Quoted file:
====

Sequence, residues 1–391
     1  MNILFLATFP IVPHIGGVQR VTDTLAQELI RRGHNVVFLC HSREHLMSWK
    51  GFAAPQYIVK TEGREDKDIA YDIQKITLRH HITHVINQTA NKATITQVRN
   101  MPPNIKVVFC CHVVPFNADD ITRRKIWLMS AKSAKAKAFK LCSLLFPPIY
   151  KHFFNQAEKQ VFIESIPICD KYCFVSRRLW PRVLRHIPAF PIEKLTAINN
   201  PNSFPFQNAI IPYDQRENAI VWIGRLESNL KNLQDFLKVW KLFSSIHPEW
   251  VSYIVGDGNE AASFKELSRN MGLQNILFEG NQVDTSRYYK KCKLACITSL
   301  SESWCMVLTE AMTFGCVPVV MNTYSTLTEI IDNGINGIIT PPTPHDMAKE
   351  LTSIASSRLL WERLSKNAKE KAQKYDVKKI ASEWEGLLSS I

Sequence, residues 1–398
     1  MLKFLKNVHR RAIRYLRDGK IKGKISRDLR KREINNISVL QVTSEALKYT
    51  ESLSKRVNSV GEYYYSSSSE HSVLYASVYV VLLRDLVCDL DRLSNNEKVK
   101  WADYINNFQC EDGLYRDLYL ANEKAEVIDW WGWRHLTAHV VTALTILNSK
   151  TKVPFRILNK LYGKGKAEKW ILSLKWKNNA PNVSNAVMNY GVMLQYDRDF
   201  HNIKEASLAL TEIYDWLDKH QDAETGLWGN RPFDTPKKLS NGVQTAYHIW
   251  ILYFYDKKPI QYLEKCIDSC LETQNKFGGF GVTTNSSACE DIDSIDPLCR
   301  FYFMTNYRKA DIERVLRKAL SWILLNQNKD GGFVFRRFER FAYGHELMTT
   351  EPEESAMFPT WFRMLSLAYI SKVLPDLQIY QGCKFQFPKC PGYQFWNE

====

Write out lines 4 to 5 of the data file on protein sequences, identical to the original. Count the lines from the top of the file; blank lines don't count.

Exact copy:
   101  MPPNIKVVFC CHVVPFNADD ITRRKIWLMS AKSAKAKAFK LCSLLFPPIY
   151  KHFFNQAEKQ VFIESIPICD KYCFVSRRLW PRVLRHIPAF PIEKLTAINN